MWW is a company that celebrates and champions people’s differences. It is a company that allows its employees to truly be themselves, which leads to some incredible work. I have been fortunate enough to spend my summer with the social media team, a group of impassioned, vocal, and talented individuals that truly care about what they produce, the outcomes it has, and creating a positive yet informative team culture. While the majority of my time may have been spent (shoving bagels in my face every Thursday morning) on the 9th floor, I can see that passion is something that pervades the whole of MWW.

So while this blog post may not be about my dalliances with mastering the piano, stamp collecting, jewelry design, and knitting, or my absurd interest in everything Kardashian-Jenner, I am proud to say that this summer I spent making my time, and my experiences, matter more.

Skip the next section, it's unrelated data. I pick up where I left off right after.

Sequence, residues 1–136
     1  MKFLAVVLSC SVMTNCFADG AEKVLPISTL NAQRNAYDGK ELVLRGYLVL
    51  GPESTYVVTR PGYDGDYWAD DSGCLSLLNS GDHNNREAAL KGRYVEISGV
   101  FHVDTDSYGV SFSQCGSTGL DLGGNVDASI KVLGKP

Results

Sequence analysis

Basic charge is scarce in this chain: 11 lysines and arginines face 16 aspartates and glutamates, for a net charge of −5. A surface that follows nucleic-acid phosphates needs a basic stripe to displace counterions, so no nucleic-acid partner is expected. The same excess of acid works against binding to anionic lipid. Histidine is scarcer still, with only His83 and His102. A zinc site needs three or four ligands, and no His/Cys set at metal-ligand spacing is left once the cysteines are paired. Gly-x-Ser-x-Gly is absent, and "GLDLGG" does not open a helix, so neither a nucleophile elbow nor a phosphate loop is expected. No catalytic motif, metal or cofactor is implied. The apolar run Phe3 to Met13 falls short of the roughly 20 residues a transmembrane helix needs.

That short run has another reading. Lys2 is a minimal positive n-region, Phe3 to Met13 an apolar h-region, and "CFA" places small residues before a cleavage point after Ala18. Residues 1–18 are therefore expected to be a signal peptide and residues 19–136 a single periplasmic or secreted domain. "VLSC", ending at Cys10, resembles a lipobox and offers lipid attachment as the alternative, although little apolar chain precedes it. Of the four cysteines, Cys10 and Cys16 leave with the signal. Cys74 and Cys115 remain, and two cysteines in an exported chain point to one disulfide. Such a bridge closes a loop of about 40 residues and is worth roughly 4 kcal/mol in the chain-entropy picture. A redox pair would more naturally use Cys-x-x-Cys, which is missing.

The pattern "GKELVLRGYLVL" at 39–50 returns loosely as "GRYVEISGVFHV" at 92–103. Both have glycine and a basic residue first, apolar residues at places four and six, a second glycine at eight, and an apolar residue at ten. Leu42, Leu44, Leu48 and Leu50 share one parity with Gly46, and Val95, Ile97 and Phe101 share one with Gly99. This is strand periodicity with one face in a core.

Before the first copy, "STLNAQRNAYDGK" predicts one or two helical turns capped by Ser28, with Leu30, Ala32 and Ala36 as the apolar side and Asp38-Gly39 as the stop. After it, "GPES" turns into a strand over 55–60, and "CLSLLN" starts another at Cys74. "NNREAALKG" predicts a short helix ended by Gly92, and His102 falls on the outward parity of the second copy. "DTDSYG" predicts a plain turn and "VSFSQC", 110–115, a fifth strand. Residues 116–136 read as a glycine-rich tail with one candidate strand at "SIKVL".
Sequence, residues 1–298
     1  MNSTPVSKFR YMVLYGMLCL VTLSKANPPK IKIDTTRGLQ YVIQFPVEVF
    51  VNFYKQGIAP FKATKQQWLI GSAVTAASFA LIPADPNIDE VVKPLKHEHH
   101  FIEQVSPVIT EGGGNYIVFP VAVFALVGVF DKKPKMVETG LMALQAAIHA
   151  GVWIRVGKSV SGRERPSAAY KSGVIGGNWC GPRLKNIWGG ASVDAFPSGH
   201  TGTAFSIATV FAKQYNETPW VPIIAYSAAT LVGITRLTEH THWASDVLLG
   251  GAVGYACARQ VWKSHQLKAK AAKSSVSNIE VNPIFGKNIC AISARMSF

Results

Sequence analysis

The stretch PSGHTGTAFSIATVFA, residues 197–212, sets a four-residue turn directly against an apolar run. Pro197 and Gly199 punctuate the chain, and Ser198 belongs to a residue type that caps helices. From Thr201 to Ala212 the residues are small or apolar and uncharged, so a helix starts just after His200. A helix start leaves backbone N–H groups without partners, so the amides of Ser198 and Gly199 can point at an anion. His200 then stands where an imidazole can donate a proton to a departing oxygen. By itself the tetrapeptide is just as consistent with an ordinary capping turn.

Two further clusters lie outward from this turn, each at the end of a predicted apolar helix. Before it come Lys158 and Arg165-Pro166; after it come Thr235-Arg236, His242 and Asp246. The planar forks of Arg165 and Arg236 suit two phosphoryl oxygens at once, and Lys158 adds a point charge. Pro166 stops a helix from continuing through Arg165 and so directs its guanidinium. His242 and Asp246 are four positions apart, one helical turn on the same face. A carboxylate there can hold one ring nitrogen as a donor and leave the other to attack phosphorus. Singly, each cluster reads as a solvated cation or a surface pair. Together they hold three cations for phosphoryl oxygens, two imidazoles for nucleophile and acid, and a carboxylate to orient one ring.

Posted by Miranda Martini at 11:28 am | Comment (0) | Trackback (0)


Posted by: Jennifer Dalli Cardillo
September 2, 2016

jenpic “I can’t, I have dance,” is the most common phrase used throughout my everyday life. When I was about three years old, my mom signed me up for my very first dance class. Of course I was this cute, somewhat innocent, little girl so her initial thought was to register me for ballet and tap. I stuck with those for a while because I was three, I didn’t know any better. Then as I got older, I adapted a new love for jazz (and by jazz I don’t mean we danced to that old fashion jazz music). Although, growing up, I was very active in other sports as well. I played softball, basketball, and soccer. Despite the fact that I played such intense sports, I managed to have a natural rhythm that showed through cheering and dance. At that point, I was forced to make a decision because I couldn’t possibly do everything. I decided to give up soccer for cheerleading, which was a tough decision, and give up basketball for dance, which was probably for my own good considering I wasn’t the best at basketball.